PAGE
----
DF: I really loved Soundgarden. I went to see Chris twice as a solo artist, once at town hall and once somewhere else. And I waited to see him afterwards and we hugged and everything. It just wasn’t happening, and wasn’t on the same path from when I saw him when he was younger. He kicked a hole in the wall at NYU! Stomping around in the shorts and the boots! They really rocked me, they got through, I loved them. And then they just broke up in ‘95 and I didn’t want to hear about their solo careers…what is this Crosby, Stills and Nash [chuckle]? I saw their potential, being the next U2 or something. I thought they could, why not?
Johnny listens to Joey sing
(recording session for Ramones' first LP)
THIRSTY: They had that new, Washington sound...that innovative delivery.
DF: They were poised, I thought, to be the next thing. Nirvana was gone...so...I thought they could have punched on through. Kick that hole “literally” through the wall. I was backstage, when I saw them at NYU. The police were coming. The University had called the police or lawyers whatever, and we weren’t allowed to leave until they came and investigated the damage that he made at the Loeb Student Center that since has been torn down. That was funny and the police said it was ok to leave. We sent out for pizza.
THIRSTY: I didn’t get into U2 or any of those...I like the Chili Peppers and some of that stuff.
DF: They’re good. I like the idea of them and all that. Those were the two I met and I had an extraordinary interview with them...Anthony and Flea. The guitar player that came in John Frusciante was very friendly with Johnny so I met him. I liked him, and I liked that he loved Johnny and that they were friends and all that. He was at that Indian restaurant dinner when we went [laughs]. (See Part 1 & 2 for the Johnny Ramone Indian restaurant story) After that, you know, (in Johnny’s voice) “CURRRY AHHHH! What’s going on? What the fuck?!?” [laughs].
THIRSTY: Well...it truly was a pleasure.
DF: It was really wonderful talking to you
THIRSTY: You too, I really have so much more to ask you, we’ll have to reunite soon.
What slipped through the cracks...
THIRSTY: Did you keep in touch with Linda Stein?
DF: Well yea, she was my best friend. I met Linda Stein when she was pregnant with her daughter Mandy. Then we co-managed the Ramones. Linda and I had become good friends. I loved her because she was so smart and just a rock and roll girl like Linda Eastman. I had seen the Ramones and I knew Seymour Stein, and that cute little record company. This is certainly one of the best bands there ever was. I invited Linda and Seymour, they were playing somewhere called “Mothers” on 23rd street. Linda came and she was knocked out. She said that’s a good band lets sign them, they’re fabulous. So we set up an audition at a rehearsal studio on 20th and Broadway and they signed them right away. So I was their manager. And then I found Steve Forbert and I thought he was and still is a really big star. Linda was really good with international stuff. Seymour was big on London. She had connections there with Harvey Goldsmith and the promoters. She cracked the whip on Johnny Ramone like I told you before, probably didn’t make him like her [chuckle]. When he was dying, it was very touching because I said...well there was going to be a concert, Mandy was filming it by all his Chili Peppers, Eddie Veders and all....and...Rob Zombie...Linda came to Hollywood and she said, “You know I just want to see Johnny, I don’t care about anything else. Business or friends...I really wanna see Johnny.” I didn’t know what to do because I knew he was very close to dying and I knew there were people who he wasn’t going to see who were part of the “family.” So I said to Johnny, can I come see you...Linda wants to see you too, and he said I’d love to see her as well. We went up there...and through all those battles and everything he started joking around that Linda should have a TV show, cooking around the house in her high heels and miniskirts. He was planning the statue on his grave and looking at pictures, and what he wants in his obituary, going through the accounts and making sure all the transfers of his property went well. Look he’s still in charge, managing his own exit and aftermath.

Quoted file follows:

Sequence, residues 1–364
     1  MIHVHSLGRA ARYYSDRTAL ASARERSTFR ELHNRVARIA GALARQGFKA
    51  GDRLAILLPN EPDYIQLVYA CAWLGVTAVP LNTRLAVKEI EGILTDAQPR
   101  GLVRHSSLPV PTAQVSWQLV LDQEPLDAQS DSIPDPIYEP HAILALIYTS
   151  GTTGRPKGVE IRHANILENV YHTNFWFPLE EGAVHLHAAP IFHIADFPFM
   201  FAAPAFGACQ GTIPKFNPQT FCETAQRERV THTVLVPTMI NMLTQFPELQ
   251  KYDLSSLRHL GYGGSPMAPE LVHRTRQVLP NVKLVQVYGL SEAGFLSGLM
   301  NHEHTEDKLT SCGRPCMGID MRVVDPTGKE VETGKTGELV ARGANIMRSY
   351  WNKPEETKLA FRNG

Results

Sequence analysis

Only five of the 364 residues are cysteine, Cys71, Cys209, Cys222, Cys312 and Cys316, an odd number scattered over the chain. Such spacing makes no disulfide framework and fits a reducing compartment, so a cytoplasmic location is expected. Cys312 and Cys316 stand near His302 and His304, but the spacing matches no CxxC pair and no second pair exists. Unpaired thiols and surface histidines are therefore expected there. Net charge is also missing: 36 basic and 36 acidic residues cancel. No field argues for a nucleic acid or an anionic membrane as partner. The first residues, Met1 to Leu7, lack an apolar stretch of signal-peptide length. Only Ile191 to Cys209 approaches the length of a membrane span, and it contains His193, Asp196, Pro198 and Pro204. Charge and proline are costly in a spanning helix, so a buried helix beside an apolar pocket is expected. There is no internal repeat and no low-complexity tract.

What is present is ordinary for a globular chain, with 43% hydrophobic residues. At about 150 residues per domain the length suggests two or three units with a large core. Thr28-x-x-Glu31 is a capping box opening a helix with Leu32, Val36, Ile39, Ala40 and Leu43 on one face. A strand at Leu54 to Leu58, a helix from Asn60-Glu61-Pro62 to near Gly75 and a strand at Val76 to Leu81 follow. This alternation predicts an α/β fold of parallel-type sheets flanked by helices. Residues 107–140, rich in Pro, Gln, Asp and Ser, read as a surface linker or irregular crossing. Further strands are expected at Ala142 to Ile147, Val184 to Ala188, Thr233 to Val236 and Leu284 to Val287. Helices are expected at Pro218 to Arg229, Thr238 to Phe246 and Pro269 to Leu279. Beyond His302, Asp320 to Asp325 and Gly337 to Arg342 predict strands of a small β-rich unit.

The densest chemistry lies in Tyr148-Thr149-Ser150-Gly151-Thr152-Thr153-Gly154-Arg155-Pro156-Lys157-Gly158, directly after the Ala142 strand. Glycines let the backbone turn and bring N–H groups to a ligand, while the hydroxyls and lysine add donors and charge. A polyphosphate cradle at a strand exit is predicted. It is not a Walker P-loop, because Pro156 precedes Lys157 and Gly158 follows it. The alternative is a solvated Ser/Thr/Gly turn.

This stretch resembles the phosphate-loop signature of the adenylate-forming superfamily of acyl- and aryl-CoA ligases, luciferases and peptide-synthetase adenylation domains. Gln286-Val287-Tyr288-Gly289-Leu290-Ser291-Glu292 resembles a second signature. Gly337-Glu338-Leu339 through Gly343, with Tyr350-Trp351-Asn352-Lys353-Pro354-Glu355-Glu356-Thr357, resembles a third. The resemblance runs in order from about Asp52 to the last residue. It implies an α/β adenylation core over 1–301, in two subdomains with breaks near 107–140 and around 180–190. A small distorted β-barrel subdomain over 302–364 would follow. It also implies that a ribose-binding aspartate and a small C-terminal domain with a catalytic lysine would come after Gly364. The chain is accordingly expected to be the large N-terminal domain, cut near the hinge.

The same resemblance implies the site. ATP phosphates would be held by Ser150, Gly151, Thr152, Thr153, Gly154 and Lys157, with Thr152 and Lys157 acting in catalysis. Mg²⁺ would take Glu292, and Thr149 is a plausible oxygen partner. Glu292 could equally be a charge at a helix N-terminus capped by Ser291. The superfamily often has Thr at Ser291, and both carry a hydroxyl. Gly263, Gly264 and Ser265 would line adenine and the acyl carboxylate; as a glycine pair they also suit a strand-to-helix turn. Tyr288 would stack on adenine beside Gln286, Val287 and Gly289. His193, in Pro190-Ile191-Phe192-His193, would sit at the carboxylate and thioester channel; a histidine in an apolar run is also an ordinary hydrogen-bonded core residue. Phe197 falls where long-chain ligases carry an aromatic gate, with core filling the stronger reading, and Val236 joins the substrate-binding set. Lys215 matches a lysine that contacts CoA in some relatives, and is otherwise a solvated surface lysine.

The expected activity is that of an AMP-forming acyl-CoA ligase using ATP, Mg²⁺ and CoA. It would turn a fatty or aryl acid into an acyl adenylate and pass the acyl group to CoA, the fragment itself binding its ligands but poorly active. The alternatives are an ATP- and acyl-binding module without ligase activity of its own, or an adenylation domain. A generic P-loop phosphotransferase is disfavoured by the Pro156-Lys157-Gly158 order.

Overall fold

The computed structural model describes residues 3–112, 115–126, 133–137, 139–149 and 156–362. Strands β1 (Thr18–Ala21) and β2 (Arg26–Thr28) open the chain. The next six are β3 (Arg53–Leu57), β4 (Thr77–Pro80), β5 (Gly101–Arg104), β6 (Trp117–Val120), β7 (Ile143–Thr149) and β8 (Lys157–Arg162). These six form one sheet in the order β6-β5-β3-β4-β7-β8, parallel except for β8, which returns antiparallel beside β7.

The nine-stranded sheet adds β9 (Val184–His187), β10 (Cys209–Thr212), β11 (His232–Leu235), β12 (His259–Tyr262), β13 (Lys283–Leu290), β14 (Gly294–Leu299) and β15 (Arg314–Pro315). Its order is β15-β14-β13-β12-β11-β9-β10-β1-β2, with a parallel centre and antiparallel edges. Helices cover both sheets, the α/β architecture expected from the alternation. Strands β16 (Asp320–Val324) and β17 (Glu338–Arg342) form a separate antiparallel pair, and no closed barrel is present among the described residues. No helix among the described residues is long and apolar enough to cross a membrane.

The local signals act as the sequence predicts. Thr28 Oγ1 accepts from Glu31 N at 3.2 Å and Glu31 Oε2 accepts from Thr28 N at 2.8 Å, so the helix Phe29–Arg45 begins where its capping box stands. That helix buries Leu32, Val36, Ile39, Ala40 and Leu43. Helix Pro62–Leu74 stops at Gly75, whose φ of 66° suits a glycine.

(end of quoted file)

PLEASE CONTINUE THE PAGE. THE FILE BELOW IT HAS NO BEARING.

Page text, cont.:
Thirsty : July 2009 : Interview with Danny Fields - Part 1
Thirsty : August 2009 : Interview with Danny Fields - Part 2